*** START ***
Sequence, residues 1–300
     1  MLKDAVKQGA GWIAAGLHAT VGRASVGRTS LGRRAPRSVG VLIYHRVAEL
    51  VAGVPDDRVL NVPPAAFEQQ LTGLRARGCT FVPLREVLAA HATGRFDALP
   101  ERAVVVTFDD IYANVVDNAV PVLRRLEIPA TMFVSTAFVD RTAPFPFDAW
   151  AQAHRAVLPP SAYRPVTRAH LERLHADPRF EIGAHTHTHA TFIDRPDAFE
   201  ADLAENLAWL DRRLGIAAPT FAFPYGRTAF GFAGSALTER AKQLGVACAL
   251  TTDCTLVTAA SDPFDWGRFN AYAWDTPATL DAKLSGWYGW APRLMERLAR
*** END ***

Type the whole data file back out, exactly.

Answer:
Sequence, residues 1–300
     1  MLKDAVKQGA GWIAAGLHAT VGRASVGRTS LGRRAPRSVG VLIYHRVAEL
    51  VAGVPDDRVL NVPPAAFEQQ LTGLRARGCT FVPLREVLAA HATGRFDALP
   101  ERAVVVTFDD IYANVVDNAV PVLRRLEIPA TMFVSTAFVD RTAPFPFDAW
   151  AQAHRAVLPP SAYRPVTRAH LERLHADPRF EIGAHTHTHA TFIDRPDAFE
   201  ADLAENLAWL DRRLGIAAPT FAFPYGRTAF GFAGSALTER AKQLGVACAL
   251  TTDCTLVTAA SDPFDWGRFN AYAWDTPATL DAKLSGWYGW APRLMERLAR